PL:In the 70s and 80s, there was no “commentating industry,” and no media studies at university, so if you got the chance, you took it. My halo is that I have never, not once, asked for a job in television. I have been so lucky. Every network in the English-speaking world has called me, including my first appointment with ITV in the UK in 1978. Nowadays, people are hitting the screens at an alarming rate, and very few are any good. Now, it is a very competitive business and I really think that the TV networks are not always choosing the best.

MC:Besides the Tour de France, what is your favourite race to be a commentator on?

PL:There are still people who think I only work in July, but joking apart, I love the Tour Down Under in Australia, because it has a wide following and sells the sport and South Australia very well. Another favourite is the Cycle Tour in Cape Town, because it is so unique and I have been going there for more than 25 years.

MC:What is your most embarrassing commentating blooper?

PL:My fans on social media are the ones to ask! When you are live, you can’t retract anything you say incorrectly, but over 40 years, I feel I have been pretty lucky. You say things like “and here we have the World Champion, Gerrie Knetemann, breaking wind at the front.” Or “Adrie Van der Poel has won five silver medals at the World Cyclo Cross Championship, and none of them gold.” No one is perfect!

MC:What was your most exciting moment as a commentator?

PL:There have been many, but calling Greg LeMond’s eight-second victory in the Tour de France in 1989 was special – it could have been six or nine seconds, but I got it dead right. Also, I love guiding the viewer via a rider in a sprint finish – it is exhilarating if he wins, and I go to bed with a nice glow that I’ve done my job well.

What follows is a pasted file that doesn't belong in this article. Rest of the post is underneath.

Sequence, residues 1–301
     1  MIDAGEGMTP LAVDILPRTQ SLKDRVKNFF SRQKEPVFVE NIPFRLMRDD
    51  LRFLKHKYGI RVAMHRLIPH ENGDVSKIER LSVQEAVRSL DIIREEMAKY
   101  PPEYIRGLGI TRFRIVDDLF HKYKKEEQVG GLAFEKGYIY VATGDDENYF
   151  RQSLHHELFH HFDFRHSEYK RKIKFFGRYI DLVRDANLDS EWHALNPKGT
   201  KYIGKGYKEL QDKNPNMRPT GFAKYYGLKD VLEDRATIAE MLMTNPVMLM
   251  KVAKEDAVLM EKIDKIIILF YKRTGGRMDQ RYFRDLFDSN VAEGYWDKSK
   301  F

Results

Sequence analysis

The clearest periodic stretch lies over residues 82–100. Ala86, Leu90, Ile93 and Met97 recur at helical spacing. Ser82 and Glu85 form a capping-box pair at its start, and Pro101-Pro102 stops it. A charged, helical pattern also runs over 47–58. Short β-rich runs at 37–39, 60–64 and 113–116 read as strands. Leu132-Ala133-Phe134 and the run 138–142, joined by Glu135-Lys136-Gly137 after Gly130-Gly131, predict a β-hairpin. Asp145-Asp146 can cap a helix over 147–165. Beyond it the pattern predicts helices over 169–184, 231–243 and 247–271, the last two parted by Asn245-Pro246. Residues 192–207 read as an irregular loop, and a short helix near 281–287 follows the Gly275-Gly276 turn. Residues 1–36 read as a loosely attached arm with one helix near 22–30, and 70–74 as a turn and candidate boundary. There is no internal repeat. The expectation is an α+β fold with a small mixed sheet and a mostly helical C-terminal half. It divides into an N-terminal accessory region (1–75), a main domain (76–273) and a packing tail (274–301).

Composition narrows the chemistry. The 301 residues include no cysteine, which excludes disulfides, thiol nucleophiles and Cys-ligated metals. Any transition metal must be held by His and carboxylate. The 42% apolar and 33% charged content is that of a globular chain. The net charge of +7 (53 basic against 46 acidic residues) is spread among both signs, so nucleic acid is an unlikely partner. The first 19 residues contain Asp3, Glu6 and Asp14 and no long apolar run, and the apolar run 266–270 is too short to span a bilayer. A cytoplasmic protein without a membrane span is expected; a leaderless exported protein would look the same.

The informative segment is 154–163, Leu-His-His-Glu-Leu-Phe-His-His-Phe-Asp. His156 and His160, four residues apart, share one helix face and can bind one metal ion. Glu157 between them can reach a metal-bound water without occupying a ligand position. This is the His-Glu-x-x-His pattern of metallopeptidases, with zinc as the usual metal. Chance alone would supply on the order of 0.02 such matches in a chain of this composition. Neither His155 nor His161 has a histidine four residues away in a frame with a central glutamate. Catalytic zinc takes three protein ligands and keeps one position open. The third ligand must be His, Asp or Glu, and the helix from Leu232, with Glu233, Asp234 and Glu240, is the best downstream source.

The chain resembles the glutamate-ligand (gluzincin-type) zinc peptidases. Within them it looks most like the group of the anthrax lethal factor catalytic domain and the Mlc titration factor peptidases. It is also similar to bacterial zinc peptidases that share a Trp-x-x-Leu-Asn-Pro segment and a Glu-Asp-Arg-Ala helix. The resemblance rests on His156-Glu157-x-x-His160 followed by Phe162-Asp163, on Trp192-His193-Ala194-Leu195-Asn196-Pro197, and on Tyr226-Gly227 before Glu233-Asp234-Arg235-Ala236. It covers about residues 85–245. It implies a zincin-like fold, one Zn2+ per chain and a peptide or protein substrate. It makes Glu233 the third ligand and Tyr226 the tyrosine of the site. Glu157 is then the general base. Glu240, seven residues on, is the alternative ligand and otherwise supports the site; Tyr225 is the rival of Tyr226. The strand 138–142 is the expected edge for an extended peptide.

MC:What moment in cycling history took your breath away?

PL:There have been many, but as a commentator I have been blessed to have called every English-speaking winner of the Tour de France. All were special moments: Greg LeMond, Stephen Roche, Bradly Wiggins and Chris Froome. Even the seven ‘wins’ of Lance Armstrong.

MC:Who is your all time favourite cyclist and why?

PL:I only have one answer and it is without doubt Eddy Merckx. For those lucky enough to have seen him race – I even raced against him as an amateur – you knew he was the master of his trade. He rode 1500 races and won 525 of them. He was virtually unbeatable, hence his nickname, “The Cannibal.” I now count him as a great friend.

MC:What has been your hardest moment as a commentator?

PL:Obviously, the tragedy on the Tour is always difficult to report, such as the death of 1992 Olympic champion Fabio Casartelli on the col de Portet d’Aspet, but for me the uncovering of Lance Armstrong as a cheat was devastating. I defended him until he confessed, and since that day I have never heard from him. It was a very sad deception by a very talented athlete.

MC:What goes on behind the scenes when you are commentating?